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Remote working monitoring: A breach of privacy or a gateway to a work-from-home culture?

November 23, 2020

Remote working monitoring: A breach of privacy or a gateway to a work-from-home culture?

This post is also available in : Spanish

Remote work monitoring: key issues

One benefit of the lockdown triggered by the coronavirus epidemic has been a renewed enthusiasm for working at home. Forced to let millions of employees work from home to avoid contagion, companies that had been hesitant about taking this step have concluded they can benefit from moving to a remote workforce.

One of the main drivers behind this shift is the economic incentive as having an employee work from home half the time can save an employer thousands of dollars a year in increased productivity, lower real estate costs, and reduced absenteeism. In order to realize these benefits, many companies are deploying employee monitoring software. However, using this software to keep tabs on employees can have disadvantages for organizations.

In this article, we’ll look at how organizations are deploying employee monitoring software, the problems it can lead to, and show you how to use it effectively.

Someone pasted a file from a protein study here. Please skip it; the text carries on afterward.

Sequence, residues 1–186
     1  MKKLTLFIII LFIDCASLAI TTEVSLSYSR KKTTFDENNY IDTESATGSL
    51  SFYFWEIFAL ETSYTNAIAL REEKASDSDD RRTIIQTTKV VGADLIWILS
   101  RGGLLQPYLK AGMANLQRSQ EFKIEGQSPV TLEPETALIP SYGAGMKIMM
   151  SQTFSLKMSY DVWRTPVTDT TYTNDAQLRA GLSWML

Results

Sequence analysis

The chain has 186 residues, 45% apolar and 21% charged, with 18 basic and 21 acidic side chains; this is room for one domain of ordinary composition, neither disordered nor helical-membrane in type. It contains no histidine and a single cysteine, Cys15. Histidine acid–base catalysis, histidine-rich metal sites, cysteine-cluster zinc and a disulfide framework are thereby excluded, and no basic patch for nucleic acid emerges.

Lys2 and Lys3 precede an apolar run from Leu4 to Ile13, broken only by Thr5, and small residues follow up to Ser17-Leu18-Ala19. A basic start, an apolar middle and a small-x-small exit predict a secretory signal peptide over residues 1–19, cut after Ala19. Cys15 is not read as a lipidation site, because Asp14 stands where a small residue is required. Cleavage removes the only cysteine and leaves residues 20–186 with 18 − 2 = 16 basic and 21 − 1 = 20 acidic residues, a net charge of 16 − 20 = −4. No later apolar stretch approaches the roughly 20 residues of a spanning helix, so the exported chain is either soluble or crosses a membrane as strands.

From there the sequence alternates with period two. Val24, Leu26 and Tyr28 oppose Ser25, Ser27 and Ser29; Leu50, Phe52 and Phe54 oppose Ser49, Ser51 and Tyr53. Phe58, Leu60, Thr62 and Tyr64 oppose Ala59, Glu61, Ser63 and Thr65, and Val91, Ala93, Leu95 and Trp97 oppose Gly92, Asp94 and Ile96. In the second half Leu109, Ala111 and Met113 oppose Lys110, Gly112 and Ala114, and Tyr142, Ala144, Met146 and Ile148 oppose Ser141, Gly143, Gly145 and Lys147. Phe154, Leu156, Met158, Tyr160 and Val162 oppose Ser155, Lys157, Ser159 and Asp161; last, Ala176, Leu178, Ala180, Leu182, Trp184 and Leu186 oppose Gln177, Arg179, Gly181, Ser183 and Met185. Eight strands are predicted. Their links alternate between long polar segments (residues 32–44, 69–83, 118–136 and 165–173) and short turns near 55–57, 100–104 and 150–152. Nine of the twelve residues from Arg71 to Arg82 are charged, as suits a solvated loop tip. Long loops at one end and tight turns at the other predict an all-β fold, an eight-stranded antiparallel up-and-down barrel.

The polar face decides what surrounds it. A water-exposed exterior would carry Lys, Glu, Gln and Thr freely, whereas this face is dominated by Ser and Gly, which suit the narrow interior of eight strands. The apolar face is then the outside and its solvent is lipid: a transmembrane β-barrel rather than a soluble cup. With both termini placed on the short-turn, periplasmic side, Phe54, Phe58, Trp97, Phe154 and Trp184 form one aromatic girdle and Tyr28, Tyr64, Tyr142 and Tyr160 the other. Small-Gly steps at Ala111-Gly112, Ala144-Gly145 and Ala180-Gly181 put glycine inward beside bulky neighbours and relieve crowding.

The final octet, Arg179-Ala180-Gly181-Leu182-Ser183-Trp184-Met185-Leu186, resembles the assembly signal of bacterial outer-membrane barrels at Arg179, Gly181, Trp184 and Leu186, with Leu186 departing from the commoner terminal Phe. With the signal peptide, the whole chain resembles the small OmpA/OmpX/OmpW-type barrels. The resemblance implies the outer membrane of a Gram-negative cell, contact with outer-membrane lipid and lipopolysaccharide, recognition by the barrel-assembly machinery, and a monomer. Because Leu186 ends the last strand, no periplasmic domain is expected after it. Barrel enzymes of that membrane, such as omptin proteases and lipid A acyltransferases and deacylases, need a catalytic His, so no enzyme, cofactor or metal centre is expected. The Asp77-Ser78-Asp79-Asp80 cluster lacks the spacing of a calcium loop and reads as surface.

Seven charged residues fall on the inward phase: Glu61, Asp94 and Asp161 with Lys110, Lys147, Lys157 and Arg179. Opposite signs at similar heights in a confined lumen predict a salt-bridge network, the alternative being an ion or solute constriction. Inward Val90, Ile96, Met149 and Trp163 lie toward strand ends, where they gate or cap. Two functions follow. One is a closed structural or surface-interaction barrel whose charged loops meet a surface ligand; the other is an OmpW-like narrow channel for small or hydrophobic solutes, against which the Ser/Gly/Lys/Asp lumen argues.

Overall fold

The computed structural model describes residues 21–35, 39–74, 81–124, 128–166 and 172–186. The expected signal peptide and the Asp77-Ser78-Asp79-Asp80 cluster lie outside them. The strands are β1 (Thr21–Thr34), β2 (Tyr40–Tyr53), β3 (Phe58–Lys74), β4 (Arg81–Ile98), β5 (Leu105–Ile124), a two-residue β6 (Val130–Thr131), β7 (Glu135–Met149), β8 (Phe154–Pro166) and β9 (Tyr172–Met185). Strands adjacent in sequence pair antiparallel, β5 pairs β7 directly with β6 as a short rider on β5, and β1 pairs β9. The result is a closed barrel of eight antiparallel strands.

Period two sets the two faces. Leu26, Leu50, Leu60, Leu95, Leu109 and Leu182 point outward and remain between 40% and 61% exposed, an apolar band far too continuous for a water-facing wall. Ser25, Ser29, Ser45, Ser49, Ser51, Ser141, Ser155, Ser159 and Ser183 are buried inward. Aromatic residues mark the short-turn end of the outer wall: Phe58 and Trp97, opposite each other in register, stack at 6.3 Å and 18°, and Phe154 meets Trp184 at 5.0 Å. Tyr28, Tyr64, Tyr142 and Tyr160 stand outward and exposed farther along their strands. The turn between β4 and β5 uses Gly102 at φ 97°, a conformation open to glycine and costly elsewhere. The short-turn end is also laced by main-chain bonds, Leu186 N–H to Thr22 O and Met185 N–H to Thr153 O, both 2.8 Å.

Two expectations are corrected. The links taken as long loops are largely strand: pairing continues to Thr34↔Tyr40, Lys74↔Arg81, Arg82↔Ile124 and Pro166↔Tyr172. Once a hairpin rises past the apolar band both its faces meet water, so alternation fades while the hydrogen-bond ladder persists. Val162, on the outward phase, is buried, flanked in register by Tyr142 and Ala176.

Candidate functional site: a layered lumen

1. Remote Working monitoring

The huge shift to remote working caused by the pandemic has led to a parallel rise in the use of remote monitoring software. Numerous media outlets have reported how computer monitoring software products have flourished during the coronavirus pandemic as companies try to keep tabs on far-flung workers.

The use of this software is certainly understandable and represents a critical component of managing your workers remotely. For many managers who are familiar with “traditional” office environments, suddenly letting their staff work with far less supervision often leads to fears that they will be less productive. There are also legitimate fears that a move to remote working might make computer networks less secure.

Given these concerns, employee remote working monitoring software seems a natural way to remotely manage a business, and to ensure that remote employees and freelancers stay safe while they are working remotely

2. The Pitfalls of Surveillance

Unfortunately, your employees might not see it this way. Some of the more advanced employee monitoring solutions allow employers to track what websites employees are visiting, measure mouse movements, and even monitor keystrokes. Though this kind of digital monitoring of employees was an existing work trend before the emergence of COVID-19, the pandemic has exacerbated fears that employers might “spy” on their employees.

An over-eager application or remote working monitoring software risks alienating your employees, and this can have a major impact on your staff retention rates. Research led by Baylor University forecast workers’ likelihood of quitting their jobs, and found that monitoring software correlated with greater employee tension and less job satisfaction, indicating higher turnover intent. Indeed, one of the major reasons why workers in the tech sector turn to remote work and freelancing is to avoid this kind of stress.